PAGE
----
-- Posted by Music Man on Sat, Jan 29, 2011, at 1:12 PM
  • As with most things, follow the money and look at the big picture. Who benefits financially from charter schools? Are charter schools sometimes getting their hands on valuable real estate at a fraction of its worth, when the taxpayers have originally paid for it? How do our school boards and administrators spend public school funds? How much do these fancy electronic signs cost that seem to be springing up at some local schools? What local school system recently spent several thousand dollars to pay for books written by an administrator? How much money goes out every year for "consultants?"

    Big business is trying to gradually get their hands on education as they see it as a potential money maker. If this happens, eventually only the rich will have a chance to get a good education (and there's already too much disparity as it is).

    Please give teachers the respect they deserve and watch your administrators and school boards closely.

    -- Posted by Ellie on Sat, Jan 29, 2011, at 4:03 PM
  • Education takes the collective effort of the teachers, the administration, the parents and the student (in no certain order.)

    Jobs, parenting and life demands hard work, which requires cooperation. When did we as a society lose sight of that?

    -- Posted by JShafford on Sat, Jan 29, 2011, at 10:37 PM
  • For perspective on Gov. Mitch Daniels' education policy, consider the ramifications if a similar policy applied to Indiana's city police departments.After all, the police departments clearly are failing. Each week, dozens of crimes occur in... our city, and many of them go unsolved. As Hoosiers, we cannot allow this record of failure ...to continue. Remember when we were kids? We could walk to the park without our parents. We could leave our doors unlocked. Clearly, the police departments have gotten worse and worse.at we need is to give police departments competition and to give citizens choices.Indiana should empower a university with a criminal justice program -- say, Indiana Tech -- to authorize charter police departments. Citizens could choose to have the charter department, not city police, patrol by their homes and answer their calls for help.

    -- Posted by Music Man on Sun, Jan 30, 2011, at 8:21 AM
  • I was in Indy alot in the 60's to the '90's and was there last night. Crime, filth pollution were so common that we did not go to Indy alone at night. The drive in on Washington street became more tense as we entered downtown and gangs were running the dark streets. It is a beautiful city now, crime is still there, but the police are placed all over downtown.

    I am disappointed that gangs (10-30 in size) are beginning to roam through circle center mall. A shooting there last week ramped up the police presence (we counted around 20 just in the mall). I don't think the police are to blame but the youth are all causing altercations due to lack of parenting and supervision. I don't see a solution to the problem without the mall closing due to scaring away the shoppers. Perhaps the solution could come from having private security work with IPD. There were at least three different security teams present last night.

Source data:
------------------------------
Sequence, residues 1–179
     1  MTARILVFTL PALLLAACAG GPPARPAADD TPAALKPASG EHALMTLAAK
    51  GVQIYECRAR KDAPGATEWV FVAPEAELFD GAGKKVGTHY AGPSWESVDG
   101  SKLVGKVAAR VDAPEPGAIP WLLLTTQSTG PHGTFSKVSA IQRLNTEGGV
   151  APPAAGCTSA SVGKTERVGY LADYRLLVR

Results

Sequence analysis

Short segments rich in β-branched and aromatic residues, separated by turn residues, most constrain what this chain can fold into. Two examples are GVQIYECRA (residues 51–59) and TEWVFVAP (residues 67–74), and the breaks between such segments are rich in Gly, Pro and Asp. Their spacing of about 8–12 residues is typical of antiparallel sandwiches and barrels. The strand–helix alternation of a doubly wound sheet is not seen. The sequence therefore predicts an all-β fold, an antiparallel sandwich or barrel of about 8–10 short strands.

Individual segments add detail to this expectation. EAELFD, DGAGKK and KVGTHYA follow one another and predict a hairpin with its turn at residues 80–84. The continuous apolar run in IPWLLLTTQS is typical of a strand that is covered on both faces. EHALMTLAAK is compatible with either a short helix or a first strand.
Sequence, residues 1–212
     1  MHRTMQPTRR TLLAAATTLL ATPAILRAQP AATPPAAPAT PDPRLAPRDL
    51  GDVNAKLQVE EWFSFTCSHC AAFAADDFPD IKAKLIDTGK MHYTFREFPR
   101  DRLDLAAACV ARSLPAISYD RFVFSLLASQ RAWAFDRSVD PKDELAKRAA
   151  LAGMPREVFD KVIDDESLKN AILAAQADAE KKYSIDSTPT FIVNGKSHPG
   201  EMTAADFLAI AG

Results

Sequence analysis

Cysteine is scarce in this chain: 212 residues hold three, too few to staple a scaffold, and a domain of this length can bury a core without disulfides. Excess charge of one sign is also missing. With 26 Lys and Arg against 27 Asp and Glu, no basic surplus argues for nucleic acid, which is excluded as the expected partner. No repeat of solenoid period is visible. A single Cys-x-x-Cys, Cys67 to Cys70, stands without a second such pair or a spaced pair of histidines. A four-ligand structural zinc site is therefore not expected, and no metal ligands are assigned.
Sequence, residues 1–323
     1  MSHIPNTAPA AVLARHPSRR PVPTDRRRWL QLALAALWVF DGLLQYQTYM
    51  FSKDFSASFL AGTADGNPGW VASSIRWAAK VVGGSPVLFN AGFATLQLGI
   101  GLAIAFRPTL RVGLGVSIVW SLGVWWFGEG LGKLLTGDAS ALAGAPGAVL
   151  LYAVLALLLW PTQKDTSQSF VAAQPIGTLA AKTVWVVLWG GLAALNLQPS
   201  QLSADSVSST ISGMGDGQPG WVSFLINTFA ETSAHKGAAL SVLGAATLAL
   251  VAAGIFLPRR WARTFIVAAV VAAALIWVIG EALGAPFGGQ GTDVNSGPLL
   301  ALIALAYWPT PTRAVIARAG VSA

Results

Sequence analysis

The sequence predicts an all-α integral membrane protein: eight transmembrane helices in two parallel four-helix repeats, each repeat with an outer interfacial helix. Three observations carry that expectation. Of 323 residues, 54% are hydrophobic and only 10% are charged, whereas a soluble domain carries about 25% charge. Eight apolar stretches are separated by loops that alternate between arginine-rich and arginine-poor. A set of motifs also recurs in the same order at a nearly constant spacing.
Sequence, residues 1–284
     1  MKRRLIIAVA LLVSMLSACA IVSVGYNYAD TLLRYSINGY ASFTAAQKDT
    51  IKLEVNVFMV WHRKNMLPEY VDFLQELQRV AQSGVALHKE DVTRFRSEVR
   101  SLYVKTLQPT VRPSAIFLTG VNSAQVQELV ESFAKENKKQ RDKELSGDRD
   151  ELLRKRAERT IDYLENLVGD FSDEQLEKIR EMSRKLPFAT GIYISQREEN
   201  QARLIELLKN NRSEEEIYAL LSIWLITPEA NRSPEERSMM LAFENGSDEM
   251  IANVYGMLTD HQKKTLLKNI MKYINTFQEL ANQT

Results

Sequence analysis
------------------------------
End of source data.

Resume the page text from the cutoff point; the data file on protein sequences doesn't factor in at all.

Privatizing public services could provide relief for our socialized woes.

    -- Posted by cow rancher on Sun, Jan 30, 2011, at 10:39 AM
  • Year-round school is a huge way to improve education.

    -- Posted by C2H5OH on Sun, Jan 30, 2011, at 11:44 AM
  • sigh..it was an analogy cow rancher.. an analogy...

    -- Posted by Music Man on Sun, Jan 30, 2011, at 12:01 PM
  • "After all, the police departments clearly are failing."

    I considered your statement as an analogy until you stated the police departments failing.

    Maybe I just couldn't delineate your analogy from reality.

    I apologize if I didn't interpret your comments the way they were intended.

    Then I agreed with you....sigh....

    -- Posted by cow rancher on Sun, Jan 30, 2011, at 1:04 PM
  • U R so right ethanol man. There needs to be many changes in our education system and year round classes is a good place to start.

    -- Posted by keninman on Sun, Jan 30, 2011, at 1:51 PM
  • I love that name: C2H5OH, I need to google how to do subscripts.

    Just the fact that keninman knew that compound is a testiment that the schools are working.

    In a country I just visited, the students attend year round classes. They start at 8a.m. and get out at 1:30 each day. They have four weeks off throughout the year and wear uniforms.

    -- Posted by cow rancher on Sun, Jan 30, 2011, at 4:25 PM
  • Ken is full of CH4..

    -- Posted by Music Man on Sun, Jan 30, 2011, at 8:46 PM
  • MM, Beano helps that and I am thankful I don't have to deal with a room full of D.M.s with ODD or ADHD. I really do feel your pain but then again better you than me. :p

    -- Posted by keninman on Sun, Jan 30, 2011, at 9:42 PM

    -- Posted by lillymae on Mon, Jan 31, 2011, at 2:50 PM
  • I THINK YOUR CAPS LOck is on. Parental choice in their child's education is our perogative. Isn't that the reason Obama sends his girls to a private school?

    I still like Matt and respect his choice in education.

    -- Posted by cow rancher on Mon, Jan 31, 2011, at 8:45 PM
  • Parents not controlling their children is the place to start. Teachers cannot control their classrooms, for fear of being arrested for touching one of the precious perfect children, who are never at fault. Until parents step up and control, or we let teachers have authority they need to control classrooms, we will not improve grades or anything else in schools.

    -- Posted by hilltop on Tue, Feb 1, 2011, at 9:51 AM
  • Our great democracy's foundation sits

    on many important things. Some are under

    attack by the right. Accessible and affordable

    legal representation is one. Fox and other

    pundits frequently complain about too many

    lawyers. Another target is public education.

    Why? Too many reasons to mention in this note.

    ..but mark my words " you don't miss your water

    till your well runs dry". Where is a real Tea


    -- Posted by thunderoad on Wed, Feb 2, 2011, at 3:07 PM